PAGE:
Re: "Tech Writing in the Age of Information Overload"

Subject: Re: "Tech Writing in the Age of Information Overload"
From: Mike Starr <mike -at- writestarr -dot- com>
To: techwr-l -at- lists -dot- techwr-l -dot- com
Date: Wed, 08 Apr 2015 10:47:27 -0500

We also need to figure out a way to encourage our users to ask the right question. If they ask the wrong question, they may or may not get a "good enough" answer. Of course, task-based documentation with good topic titles (e.g., How do I...?) helps a lot if the users are aware that they're out there.

But the problem I always try to solve is when users of complex products need to drill down into details of options that aren't typically used in the most common tasks. That's where we need to provide reference-based documentation as well and make it easy for the user to find those nitty-gritty details. If our task-based documentation for complex products is emphasized, users will not feel quite overloaded with information but they still need the reference-based documentation to learn how to take advantage of advanced features. We need to make sure they're made aware that it's out there for them and that they know how to find what they need.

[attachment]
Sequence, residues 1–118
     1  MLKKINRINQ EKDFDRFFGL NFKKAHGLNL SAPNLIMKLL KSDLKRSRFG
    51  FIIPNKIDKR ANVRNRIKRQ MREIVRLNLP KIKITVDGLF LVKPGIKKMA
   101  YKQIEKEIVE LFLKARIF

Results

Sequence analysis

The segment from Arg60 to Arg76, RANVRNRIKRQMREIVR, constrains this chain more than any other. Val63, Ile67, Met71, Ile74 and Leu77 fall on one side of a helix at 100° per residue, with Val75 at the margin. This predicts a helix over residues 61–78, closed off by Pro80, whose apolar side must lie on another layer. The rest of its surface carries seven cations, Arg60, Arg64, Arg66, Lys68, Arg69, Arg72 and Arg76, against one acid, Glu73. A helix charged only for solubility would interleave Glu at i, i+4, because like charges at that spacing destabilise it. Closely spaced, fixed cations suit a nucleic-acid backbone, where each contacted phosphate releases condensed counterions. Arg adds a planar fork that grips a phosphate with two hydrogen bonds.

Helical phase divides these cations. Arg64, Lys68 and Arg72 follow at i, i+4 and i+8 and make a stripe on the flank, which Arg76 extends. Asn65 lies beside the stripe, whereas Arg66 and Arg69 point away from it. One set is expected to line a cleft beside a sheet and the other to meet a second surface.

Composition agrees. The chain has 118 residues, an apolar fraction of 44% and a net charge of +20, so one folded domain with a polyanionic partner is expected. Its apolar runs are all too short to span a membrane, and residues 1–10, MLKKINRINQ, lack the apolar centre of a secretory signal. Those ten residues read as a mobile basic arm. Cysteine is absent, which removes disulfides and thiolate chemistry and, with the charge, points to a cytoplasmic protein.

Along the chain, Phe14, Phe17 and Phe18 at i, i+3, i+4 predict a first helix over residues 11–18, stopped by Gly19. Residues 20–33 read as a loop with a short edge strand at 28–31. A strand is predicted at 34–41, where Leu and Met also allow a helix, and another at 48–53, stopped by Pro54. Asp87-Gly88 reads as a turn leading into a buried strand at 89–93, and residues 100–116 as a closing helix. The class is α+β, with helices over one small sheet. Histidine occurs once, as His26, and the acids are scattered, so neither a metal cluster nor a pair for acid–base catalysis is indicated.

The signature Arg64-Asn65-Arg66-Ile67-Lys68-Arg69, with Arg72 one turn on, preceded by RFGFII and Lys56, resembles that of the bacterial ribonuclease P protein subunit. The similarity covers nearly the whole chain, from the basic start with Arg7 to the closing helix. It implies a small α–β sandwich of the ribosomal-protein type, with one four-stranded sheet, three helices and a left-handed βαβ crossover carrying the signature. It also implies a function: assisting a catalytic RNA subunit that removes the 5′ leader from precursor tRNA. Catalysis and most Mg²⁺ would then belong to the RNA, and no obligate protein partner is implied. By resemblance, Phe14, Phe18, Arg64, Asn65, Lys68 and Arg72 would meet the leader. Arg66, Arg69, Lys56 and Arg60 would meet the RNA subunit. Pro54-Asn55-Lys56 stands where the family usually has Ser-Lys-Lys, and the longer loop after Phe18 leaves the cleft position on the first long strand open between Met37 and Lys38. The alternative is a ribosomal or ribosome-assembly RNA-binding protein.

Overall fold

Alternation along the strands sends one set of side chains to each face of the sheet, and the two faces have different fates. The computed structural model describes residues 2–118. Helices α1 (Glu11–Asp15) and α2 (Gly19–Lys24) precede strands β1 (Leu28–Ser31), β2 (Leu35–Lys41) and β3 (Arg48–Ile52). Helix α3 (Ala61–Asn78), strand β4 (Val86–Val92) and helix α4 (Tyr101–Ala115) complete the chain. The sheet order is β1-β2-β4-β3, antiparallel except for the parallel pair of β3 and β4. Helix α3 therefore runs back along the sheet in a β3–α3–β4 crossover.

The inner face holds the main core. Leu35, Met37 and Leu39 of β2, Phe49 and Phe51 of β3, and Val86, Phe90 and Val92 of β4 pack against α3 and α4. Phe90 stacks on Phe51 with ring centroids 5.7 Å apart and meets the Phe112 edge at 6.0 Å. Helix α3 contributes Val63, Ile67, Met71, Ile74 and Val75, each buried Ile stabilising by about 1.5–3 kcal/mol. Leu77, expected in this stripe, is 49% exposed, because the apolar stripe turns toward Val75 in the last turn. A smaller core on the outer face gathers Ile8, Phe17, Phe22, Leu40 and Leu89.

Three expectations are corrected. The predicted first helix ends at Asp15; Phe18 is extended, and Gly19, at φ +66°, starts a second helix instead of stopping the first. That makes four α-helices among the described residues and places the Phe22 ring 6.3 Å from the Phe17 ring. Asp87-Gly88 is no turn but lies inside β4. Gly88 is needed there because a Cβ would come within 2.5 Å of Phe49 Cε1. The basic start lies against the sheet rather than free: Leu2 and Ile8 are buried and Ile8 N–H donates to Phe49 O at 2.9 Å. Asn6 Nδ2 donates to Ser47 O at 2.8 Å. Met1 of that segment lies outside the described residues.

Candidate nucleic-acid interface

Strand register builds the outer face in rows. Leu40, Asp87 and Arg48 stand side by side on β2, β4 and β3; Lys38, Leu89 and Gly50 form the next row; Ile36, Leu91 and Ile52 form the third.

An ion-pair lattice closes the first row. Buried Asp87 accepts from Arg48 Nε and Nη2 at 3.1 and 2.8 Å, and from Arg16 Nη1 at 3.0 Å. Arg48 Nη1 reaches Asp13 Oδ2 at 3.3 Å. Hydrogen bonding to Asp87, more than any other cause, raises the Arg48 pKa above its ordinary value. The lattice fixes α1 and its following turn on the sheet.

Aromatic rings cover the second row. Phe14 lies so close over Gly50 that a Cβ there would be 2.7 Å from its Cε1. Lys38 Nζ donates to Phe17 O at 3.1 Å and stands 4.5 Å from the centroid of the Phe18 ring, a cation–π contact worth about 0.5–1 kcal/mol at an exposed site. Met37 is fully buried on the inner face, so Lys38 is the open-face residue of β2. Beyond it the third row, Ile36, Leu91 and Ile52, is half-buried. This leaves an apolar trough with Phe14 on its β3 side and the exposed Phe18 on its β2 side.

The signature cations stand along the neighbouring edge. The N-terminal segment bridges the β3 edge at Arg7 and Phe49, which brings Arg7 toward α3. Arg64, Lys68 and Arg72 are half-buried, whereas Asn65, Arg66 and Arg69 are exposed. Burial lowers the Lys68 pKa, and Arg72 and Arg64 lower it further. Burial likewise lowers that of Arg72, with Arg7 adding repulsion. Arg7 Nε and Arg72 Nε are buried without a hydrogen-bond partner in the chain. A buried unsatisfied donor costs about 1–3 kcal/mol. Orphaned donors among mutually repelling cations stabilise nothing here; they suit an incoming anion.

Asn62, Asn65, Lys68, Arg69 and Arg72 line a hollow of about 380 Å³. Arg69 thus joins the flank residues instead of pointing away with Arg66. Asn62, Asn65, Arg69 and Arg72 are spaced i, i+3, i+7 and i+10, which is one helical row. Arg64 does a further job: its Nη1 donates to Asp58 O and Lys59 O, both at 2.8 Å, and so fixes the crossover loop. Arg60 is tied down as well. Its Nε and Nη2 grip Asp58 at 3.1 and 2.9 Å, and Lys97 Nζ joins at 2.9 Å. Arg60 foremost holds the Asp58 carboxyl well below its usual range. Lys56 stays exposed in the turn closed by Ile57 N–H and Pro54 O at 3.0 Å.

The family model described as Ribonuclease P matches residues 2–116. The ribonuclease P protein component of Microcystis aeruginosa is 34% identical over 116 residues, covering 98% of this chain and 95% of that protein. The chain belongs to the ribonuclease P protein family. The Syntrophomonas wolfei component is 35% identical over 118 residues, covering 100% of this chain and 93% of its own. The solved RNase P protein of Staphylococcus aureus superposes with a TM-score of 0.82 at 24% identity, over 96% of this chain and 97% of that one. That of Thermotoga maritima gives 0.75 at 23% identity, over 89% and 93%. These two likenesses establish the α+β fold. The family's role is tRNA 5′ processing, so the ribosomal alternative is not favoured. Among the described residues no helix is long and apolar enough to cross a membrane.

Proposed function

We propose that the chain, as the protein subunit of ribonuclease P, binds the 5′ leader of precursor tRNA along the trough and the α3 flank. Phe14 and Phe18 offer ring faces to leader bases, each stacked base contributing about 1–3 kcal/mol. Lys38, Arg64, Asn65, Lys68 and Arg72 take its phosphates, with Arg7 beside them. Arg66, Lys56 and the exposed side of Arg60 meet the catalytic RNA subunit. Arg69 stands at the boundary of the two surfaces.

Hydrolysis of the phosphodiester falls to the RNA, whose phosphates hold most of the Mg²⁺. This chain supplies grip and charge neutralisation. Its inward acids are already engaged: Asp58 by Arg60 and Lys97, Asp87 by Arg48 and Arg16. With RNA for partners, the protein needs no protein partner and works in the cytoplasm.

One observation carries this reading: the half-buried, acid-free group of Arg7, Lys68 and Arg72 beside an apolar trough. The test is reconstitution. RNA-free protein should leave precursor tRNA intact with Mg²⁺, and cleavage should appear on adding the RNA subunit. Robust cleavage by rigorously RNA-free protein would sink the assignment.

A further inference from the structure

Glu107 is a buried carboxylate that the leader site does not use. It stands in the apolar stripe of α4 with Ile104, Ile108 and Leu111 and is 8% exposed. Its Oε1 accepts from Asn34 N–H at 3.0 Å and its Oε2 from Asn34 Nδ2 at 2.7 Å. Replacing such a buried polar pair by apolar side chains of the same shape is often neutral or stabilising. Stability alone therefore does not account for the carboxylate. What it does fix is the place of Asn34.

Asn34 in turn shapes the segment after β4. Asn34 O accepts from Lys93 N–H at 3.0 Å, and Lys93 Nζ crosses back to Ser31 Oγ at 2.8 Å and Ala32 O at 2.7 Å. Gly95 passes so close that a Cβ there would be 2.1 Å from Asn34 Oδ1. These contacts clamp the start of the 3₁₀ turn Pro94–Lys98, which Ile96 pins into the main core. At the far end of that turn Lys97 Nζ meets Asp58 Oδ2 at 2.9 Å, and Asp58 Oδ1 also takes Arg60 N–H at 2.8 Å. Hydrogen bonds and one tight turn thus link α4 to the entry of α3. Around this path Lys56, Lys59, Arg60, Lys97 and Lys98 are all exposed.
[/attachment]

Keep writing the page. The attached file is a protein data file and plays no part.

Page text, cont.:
Best Regards,

Mike
--
Mike Starr, Writer
Technical Writer - Online Help Developer - WordPress Websites
Graphic Designer - Desktop Publisher - Custom Microsoft Word templates
(262) 694-1028 - mike -at- writestarr -dot- com - http://www.writestarr.com
President - Working Writers of Wisconsin http://www.workingwriters.org/

On 4/8/2015 7:30 AM, Kaylin Tristano wrote:

In library school we talked a lot about satisficing - the decision making model in which you keep searching for information only until you find an answer that's "good enough". There may be a better, more comprehensive answer out there, but this one suits your needs and you move on. That's why people rarely go beyond page 1 of Google search results, and it's a natural defense mechanism against information overload.



Writing for the end user, we just have to keep in mind that they're going to take the first answer that's "good enough" and organize our content in a way that makes the good enough answer also happen to be the right/best answer.



Kaylin Tristano | Quadax Technical Communication Specialist
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Adobe TCS 5: Get the Best of both worlds: modern publishing and best in class XML \ DITA authoring | http://adobe.ly/scpwfT

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